Tchaikovsky: His Life and Works Michael Paul Smith
Now don’t go running away…! In order to write about much of Tchaikovsky’s music I have to let you know something about how large scale works are built up. I promise you, if you understand sonata form, it will greatly enhance your enjoyment of many pieces of classical music.
And, as an added bonus, I shall try to tell what the difference is between a sonata, a concerto and a symphony. It’s not difficult, I promise you…
A symphony is for orchestra, usually in four movements (fast-slow-very fast-fast, at its most basic level). That was the pattern established by Mozart, Haydn and Beethoven and continued to be used by Mendelssohn, Schubert, Schumann, Brahms and Grieg, among many others; so we really are talking about a huge range of music here.
A concerto is music for orchestra with a solo instrument or instruments showing off in the foreground. A piano concerto…
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Any Tchaikovsky scholar is bound to know the work of British musicologist Dr David Brown. He wrote a 4-volume study of the life and work of Tchaikovsky which took him sixteen years to complete. It was seminal and nobody had ever undertaken anything like it before; even the Russians said, “We have nothing like it.”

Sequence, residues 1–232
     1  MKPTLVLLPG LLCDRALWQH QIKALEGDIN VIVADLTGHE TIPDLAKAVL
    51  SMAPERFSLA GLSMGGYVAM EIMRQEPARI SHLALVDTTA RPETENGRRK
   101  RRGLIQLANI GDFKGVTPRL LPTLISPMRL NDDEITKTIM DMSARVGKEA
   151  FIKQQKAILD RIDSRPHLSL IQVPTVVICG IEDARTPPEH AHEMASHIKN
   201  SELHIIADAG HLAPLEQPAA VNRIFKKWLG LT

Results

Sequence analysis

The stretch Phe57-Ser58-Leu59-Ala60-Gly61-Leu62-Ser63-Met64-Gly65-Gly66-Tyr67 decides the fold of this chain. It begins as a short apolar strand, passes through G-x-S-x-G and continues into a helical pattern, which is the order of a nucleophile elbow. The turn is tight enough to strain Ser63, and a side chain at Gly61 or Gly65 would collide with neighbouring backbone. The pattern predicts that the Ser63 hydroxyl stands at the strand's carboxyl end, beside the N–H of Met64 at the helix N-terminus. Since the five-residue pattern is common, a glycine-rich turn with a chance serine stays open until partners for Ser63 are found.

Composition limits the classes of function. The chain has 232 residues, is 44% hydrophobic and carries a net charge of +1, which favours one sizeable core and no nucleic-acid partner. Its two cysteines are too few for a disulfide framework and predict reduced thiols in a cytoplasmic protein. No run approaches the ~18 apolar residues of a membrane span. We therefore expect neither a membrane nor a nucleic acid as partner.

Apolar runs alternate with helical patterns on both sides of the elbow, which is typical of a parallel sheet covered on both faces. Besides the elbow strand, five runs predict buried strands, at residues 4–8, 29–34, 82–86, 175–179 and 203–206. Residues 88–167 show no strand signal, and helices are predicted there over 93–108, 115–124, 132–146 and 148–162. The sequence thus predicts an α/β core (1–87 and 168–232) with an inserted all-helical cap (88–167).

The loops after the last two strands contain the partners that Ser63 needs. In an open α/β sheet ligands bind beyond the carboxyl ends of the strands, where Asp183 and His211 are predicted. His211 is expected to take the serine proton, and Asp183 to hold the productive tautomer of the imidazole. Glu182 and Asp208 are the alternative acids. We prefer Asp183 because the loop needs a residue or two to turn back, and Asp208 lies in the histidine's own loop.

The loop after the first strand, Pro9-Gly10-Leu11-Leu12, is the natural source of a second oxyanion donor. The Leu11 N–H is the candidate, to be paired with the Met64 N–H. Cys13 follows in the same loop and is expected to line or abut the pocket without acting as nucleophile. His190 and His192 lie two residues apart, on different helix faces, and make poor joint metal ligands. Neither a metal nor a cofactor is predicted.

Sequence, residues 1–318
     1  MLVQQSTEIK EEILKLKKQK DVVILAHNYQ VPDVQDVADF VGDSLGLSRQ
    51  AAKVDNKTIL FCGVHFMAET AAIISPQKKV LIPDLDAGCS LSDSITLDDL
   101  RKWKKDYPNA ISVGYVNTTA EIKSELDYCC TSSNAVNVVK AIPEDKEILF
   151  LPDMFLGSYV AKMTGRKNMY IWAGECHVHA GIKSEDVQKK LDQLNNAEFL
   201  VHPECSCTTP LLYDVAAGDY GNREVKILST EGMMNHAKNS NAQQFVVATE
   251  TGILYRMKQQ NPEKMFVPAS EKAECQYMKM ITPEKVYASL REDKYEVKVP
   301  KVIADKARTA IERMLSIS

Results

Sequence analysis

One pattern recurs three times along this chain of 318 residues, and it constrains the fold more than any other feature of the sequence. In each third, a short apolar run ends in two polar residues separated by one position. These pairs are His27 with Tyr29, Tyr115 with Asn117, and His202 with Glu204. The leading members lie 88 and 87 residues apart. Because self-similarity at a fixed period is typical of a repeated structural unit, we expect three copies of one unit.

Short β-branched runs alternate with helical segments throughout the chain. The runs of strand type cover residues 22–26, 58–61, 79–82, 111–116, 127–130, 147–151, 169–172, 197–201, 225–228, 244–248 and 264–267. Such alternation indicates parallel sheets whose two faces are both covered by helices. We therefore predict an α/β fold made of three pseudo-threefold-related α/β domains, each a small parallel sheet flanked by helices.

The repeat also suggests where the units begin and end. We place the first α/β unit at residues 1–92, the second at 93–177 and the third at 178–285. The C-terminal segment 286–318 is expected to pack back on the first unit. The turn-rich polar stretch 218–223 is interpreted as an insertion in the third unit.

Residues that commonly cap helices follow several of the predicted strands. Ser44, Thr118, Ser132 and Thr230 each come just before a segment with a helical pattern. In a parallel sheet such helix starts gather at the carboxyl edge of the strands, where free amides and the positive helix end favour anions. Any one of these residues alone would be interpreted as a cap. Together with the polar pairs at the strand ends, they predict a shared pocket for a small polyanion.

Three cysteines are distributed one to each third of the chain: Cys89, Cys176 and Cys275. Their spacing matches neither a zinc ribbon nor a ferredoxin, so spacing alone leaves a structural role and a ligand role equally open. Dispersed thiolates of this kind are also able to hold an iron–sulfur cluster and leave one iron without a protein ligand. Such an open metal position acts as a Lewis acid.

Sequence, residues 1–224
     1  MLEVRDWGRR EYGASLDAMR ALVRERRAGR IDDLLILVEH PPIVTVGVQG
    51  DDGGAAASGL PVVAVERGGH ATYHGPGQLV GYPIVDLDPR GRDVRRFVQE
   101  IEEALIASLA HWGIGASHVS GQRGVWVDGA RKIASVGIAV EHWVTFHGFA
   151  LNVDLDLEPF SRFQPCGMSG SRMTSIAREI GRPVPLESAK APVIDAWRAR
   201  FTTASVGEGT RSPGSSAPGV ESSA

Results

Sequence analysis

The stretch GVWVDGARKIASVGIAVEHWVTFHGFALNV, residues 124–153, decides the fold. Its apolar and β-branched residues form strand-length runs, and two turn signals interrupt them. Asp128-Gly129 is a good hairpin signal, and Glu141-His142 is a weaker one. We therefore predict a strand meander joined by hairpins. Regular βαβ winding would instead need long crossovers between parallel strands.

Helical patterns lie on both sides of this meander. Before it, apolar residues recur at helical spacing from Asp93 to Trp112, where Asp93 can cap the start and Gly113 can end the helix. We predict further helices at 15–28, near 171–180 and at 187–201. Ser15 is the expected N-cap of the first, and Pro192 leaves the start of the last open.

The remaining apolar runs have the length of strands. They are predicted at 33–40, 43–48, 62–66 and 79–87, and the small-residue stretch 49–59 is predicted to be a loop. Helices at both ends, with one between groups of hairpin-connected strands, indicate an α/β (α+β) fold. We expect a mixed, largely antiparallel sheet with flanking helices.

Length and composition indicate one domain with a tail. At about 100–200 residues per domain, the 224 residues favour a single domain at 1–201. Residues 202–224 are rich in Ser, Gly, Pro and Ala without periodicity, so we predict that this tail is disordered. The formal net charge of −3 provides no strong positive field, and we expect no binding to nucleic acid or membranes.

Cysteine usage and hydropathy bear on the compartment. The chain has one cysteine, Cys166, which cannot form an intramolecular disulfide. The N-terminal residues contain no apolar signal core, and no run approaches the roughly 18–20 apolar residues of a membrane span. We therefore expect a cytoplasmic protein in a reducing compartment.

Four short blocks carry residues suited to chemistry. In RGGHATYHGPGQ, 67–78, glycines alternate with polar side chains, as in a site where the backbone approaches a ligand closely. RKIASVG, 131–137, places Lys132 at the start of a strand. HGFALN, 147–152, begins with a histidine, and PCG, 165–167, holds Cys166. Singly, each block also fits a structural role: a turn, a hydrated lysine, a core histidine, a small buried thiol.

So, Dr Brown must have been a big Tchaikovsky fan? Well, actually no – not at first. David had been asked to write a single volume study of the composer before but had turned it down. Then he was asked to write the Tchaikovsky entry in the prestigious Grove’s Dictionary of Music, and the temptation was too great. So Dr Brown, who previously had thought of Tchaikovsky as only a gifted tune-smith with a talent for orchestral colour, set about researching his subject and his music. And the most remarkable thing happened – the more he knew about the composer himself and the more he came to understand just how great a craftsman Tchaikovsky really was, Dr Brown became intrigued. So much so that when he next spoke to his publisher, he said he would write a single volume after all. Well, that single volume became four, and the two years he had asked to write it became sixteen. The work is still unsurpassed in detail and ambition. I think it superb.
I have gone into some detail in this story (perhaps too much so) to press home a point: That Dr Brown’s initial view on Tchaikovsky was, and in some cases still is, the dominant view of high academia. When I was growing up it was perfectly possible to say you liked Tchaikovsky but only in the sense of a guilty pleasure – the way one might admit to enjoying the music of ABBA.
I recently wrote a review of Tchaikovsky’s Violin Concerto which I had seen on YouTube. In it, I used the expression, ‘this much underrated concerto’ and as soon as I had posted it the YouTube brigade shot me down. ‘It’s one of the most popular in the world!’ one person yelled at me. Similar comments followed. But the point I was making wasn’t that it wasn’t popular, but that it was underrated, still, by many performers and musicians alike. ‘It’s just a string of pretty tunes’, some might say. It is but it’s so much more than that. It is an artfully crafted piece just as much as it is tuneful. I will write about it at length in time but for anyone impatient to hear this marvellous music, you won’t find better advocates than Janine Jansen and Paavo Jarvi on this YouTube clip. If you don’t fall in love with this, then you and I could never be friends…!
More to follow on this topic…